Fifteen years ago, there were only a few hundred energy producers supplying electricity to Germany’s power grids. In the future, there’ll be millions – generating power from solar, wind and biomass systems and from small cogeneration units. Today’s energy consumers will increasingly be prosumers – both producers and consumers of electricity. This fact – coupled with the increased use of renewable energy sources that cause strong fluctuations in electricity supply and prices – will make smart grids indispensable for power distribution. With partners in Germany, Siemens is already demonstrating how these grids will function. Local energy producers in Wildpoldsried, a town in the country’s Allgäu region, are for example generating more than three times as much electricity with photovoltaic, biomass and wind power systems as they consume themselves. They’re also using electric cars. Smart grids are ensuring network stability while balancing production and consumption, by means of numerous measuring sensors, controllable network components and self-organizing software modules.
In most cases, it doesn’t matter if the power for a refrigerated warehouse or an air conditioning system is shut off briefly – just as it’s hardly noticeable if an elevator travels somewhat more slowly than usual. These are just some of the many possibilities for cutting energy consumption when supplies are low and prices are high. This system, known as demand management, which is at present most commonly used in the U.S., eases the burden on power grids. Siemens researchers are currently working, for example, on building automation systems that adapt energy consumption to price fluctuations in real time, thus helping flatten demand peaks.
The cleanest energy is always the energy that’s not consumed. This is one of the biggest levers for a sustainable energy supply in the future. Thus in industry, for example, there’s still considerable potential for savings in drives and pumps, for instance – electric motors currently consume nearly two-thirds of the power used in industrial applications. Energy-saving motors and intelligent controls from Siemens consume up to 60% less power than their conventional counterparts. As a result, investments in this area pay for themselves in less than two years. The same applies to transport: electric motors, whether in buses, trains or cars, are around three times more efficient than combustion engines. Through insulation, heat pumps, intelligent building technologies and efficient lighting systems, it’s also possible to achieve substantial energy savings in buildings, which account for 40% of energy consumption worldwide. Household appliances likewise harbor enormous savings potential. Modern appliances use less than half the power than comparable devices did in the 1990s.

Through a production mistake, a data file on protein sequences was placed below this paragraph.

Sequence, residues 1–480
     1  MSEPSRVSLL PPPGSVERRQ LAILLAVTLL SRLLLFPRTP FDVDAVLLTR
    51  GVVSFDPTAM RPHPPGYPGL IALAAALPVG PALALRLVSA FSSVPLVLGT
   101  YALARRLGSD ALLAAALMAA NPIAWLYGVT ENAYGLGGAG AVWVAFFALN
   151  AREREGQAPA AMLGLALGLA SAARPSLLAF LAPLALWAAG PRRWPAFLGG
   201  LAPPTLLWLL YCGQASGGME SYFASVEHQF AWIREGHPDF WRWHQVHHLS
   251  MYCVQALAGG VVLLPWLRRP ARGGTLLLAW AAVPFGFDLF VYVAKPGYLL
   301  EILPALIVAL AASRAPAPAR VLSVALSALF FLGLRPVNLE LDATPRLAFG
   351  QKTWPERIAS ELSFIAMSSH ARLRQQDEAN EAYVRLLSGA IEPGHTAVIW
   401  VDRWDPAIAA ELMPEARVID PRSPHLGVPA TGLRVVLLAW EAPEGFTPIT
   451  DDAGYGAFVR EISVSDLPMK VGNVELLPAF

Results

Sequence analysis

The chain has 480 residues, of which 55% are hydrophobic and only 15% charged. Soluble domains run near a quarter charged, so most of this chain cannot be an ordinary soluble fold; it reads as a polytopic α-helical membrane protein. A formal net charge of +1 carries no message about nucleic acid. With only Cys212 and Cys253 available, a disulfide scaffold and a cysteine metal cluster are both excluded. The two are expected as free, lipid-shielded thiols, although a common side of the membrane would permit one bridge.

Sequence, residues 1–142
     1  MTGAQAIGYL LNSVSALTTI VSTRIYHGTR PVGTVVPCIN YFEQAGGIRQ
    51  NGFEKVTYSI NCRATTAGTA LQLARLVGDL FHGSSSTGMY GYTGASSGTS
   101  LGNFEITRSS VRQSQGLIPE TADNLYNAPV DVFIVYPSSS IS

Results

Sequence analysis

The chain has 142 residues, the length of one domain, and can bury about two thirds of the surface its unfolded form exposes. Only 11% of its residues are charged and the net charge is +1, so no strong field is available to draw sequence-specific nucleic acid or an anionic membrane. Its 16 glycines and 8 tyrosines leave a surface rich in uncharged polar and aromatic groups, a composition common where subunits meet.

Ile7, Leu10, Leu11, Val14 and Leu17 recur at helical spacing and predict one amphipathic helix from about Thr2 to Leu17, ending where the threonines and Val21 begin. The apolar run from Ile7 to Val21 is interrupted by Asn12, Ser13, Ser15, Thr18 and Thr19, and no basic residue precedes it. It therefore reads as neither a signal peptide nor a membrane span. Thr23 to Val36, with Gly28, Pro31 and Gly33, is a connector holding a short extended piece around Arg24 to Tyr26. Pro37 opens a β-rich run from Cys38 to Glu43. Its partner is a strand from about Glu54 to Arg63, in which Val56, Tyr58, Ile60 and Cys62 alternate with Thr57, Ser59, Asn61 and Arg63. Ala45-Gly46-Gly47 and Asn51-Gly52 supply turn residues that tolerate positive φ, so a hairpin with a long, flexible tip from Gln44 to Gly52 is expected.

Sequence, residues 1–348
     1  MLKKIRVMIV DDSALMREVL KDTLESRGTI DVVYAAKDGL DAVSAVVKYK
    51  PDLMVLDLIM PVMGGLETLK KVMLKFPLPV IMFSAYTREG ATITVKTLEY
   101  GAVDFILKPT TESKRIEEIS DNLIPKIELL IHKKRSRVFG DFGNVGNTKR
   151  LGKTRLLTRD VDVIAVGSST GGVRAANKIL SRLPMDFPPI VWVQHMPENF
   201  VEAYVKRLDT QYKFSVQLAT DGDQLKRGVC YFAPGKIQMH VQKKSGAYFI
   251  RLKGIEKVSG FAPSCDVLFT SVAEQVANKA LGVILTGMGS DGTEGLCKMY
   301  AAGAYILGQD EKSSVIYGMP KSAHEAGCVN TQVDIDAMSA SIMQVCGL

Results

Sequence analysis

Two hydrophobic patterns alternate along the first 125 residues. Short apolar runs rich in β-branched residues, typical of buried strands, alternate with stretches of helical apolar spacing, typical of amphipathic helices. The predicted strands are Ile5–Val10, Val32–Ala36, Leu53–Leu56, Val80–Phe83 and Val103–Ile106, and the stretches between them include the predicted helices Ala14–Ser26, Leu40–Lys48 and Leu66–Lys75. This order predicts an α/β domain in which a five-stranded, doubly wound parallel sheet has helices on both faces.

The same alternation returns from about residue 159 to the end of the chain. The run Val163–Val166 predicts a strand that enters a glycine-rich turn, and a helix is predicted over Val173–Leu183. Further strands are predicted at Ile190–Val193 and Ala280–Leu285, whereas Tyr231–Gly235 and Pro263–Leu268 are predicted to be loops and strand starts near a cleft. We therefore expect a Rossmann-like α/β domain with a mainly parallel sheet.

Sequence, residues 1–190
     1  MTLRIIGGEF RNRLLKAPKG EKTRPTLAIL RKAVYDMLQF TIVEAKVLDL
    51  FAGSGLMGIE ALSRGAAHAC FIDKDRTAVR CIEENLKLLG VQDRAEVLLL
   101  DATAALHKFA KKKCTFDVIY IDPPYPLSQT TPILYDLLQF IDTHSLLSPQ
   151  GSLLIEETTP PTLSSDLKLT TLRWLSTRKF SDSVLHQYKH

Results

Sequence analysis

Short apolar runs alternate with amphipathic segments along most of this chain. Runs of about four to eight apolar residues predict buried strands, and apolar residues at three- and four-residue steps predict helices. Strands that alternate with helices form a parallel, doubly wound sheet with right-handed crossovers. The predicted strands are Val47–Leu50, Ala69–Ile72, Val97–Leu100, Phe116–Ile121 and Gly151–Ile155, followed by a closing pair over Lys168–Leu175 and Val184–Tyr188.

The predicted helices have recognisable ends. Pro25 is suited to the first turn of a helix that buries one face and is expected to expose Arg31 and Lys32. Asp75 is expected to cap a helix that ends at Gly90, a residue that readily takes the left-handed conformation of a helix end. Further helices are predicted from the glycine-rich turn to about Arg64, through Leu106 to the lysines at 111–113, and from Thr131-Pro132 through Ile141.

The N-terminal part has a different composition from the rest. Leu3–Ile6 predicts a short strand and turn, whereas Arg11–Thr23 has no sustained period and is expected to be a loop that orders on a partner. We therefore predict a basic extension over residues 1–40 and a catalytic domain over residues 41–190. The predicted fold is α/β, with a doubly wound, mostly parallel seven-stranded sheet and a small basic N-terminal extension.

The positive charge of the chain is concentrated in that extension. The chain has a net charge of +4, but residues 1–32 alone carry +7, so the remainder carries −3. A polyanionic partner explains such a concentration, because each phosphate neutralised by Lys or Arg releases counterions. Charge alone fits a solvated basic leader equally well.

Municipalities and cities in particular require intelligent financing solutions that can enable them to cut energy consumption substantially despite budget constraints. In the area of building infrastructure modernization, one proven approach is Siemens’ energy-saving performance contracting – a combination of consulting, installation and financing services. Customers do not need to make any upfront investment; project costs are amortized with the energy savings achieved. Using this model, Siemens has upgraded more than 4,500 facilities worldwide – generating savings of roughly €1billion and slashing CO2 emissions by some 9.7 million tons, or more than the amount emitted annually by a city the size of Munich.